little boy opening lid of red present, Christmas tree in background

Inside: Six practical options for dealing with unwanted gifts, plus the most important question to consider before you make a final decision.

The unfortunate side effect of a consumer-driven holiday season is unwanted gifts.

Especially when SO many people feel pressure to buy obligatory Christmas presents – think teacher gifts, secret Santa gift swaps, gifts for adult siblings who have long outgrown the gift-giving tradition – the likelihood that you’ll be on the receiving end of an unwanted gift is more likely than not.

Hopefully more and more people are starting to see the benefits of a minimalist Christmas.

Maybe it’s just the fact that I’m a minimalist, and the Facebook gods (a.k.a. the ever-changing algorithm) know what I love to see? But the more Facebook posts I see in my Facebook feed about the four-gift rule and experience gift ideas, the more hopeful I become.

It seems like the tide is turning as more families, in particular, are learning about the benefits of experience gifts and fewer gifts for kids in general.

They’re initiating uncomfortable, but necessary conversations with extended family about breaking the cycle of excessive gift-giving or worse, in my opinion, giving just because they think they should.

But while we wait for that bigger cultural shift to manifest, most of us are still going to be stuck dealing with those unwanted Christmas presents.


Assuming you don’t want to end up like Emily Gilmore and her basement full of unwanted gifts from her mother-in-law, keep reading.

Related: How to Transition to a Minimalist Christmas with Kids

Who Gave You The Unwanted Gift?


Figuring out what to do with unwanted gifts is complicated mainly by concern for the gift giver’s feelings.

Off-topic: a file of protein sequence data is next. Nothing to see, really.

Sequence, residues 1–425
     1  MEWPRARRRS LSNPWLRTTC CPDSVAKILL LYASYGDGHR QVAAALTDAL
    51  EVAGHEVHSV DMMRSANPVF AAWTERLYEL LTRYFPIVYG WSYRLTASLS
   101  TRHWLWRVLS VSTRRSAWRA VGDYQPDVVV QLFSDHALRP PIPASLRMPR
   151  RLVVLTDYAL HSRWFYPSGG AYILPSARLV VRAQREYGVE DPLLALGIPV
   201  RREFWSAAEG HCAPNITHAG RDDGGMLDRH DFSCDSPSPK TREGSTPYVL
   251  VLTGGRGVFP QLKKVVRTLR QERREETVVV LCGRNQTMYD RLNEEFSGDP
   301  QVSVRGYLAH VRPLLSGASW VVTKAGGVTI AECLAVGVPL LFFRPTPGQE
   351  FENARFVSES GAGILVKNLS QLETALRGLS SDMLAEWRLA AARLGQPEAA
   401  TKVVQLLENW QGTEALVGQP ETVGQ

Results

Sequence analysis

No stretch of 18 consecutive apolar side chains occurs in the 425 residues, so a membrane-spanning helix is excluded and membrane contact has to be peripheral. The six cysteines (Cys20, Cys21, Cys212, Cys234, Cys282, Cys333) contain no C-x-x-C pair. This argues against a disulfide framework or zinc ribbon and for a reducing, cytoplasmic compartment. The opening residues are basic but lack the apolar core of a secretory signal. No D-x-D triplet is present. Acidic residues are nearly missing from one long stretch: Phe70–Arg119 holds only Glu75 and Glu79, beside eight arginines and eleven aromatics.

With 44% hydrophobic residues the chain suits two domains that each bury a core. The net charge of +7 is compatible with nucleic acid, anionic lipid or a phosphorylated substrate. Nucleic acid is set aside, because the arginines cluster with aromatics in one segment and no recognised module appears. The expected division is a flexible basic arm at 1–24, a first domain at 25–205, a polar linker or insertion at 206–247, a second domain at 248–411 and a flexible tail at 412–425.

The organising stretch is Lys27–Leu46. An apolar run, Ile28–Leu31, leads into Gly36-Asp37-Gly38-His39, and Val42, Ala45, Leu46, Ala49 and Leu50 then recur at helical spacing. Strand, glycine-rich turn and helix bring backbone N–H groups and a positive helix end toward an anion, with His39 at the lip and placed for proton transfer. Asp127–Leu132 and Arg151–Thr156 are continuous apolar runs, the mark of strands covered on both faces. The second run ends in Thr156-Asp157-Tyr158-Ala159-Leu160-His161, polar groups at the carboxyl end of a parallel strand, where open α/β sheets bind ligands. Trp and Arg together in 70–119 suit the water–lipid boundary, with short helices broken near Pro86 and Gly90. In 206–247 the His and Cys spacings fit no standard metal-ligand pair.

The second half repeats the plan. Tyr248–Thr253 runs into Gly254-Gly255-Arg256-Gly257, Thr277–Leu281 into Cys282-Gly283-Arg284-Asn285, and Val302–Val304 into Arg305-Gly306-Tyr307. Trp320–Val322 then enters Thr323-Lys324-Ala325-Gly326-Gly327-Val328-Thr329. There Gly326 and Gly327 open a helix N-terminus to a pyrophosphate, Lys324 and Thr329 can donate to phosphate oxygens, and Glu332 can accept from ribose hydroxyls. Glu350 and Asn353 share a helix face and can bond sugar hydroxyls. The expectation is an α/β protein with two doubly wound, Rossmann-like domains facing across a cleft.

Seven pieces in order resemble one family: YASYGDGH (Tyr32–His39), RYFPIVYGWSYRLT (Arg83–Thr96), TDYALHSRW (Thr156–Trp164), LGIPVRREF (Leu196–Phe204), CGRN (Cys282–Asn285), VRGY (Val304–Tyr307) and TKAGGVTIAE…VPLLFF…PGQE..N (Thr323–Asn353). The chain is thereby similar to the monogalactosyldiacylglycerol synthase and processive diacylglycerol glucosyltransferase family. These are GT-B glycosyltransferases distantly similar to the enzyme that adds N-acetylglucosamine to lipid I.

So the first thing you need to consider is where the unwanted gift came from.

The way you handle unwanted Christmas presents from a close friend or family member is going to be quite different from the way you handle an unwanted gift you won during the White Elephant Gift Exchange from a random coworker you’ve barely said two words to the entire time you worked there.

Very different scenarios.

And I’m sure you’ve guessed which one requires more thought and tact?

Hopefully for the random co-workers, you’ll have no problem telling them you weren’t able to use the item and donated it. (If you struggle with this, get this book ASAP.)

However, before returning or donating an unwanted gift from a close friend or family member whose relationship you highly value, think about the personality of the gift-giver.

  • Is gift-giving her love language?
  • Have you shared your feelings about physical gifts with her? (If not, the sooner, the better.)
  • Is she likely to ask about the gift later on?

If your family member is more of the dutiful gift giver, who gives gifts with gift receipts attached, you’re probably in the clear.

However, if you have the “gift-giving is my love language” friend or family member who you are close to and you’ve already tried to make known your feelings about clutter and unwanted gifts, you might consider keeping a small box for unwanted gifts.